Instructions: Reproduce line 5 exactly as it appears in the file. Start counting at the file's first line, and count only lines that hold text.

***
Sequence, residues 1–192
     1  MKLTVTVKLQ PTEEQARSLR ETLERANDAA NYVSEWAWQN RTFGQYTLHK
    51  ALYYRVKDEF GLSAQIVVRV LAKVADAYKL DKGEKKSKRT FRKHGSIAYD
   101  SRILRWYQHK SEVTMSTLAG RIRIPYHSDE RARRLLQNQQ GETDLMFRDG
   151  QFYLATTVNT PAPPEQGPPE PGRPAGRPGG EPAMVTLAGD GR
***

   151  QFYLATTVNT PAPPEQGPPE PGRPAGRPGG EPAMVTLAGD GR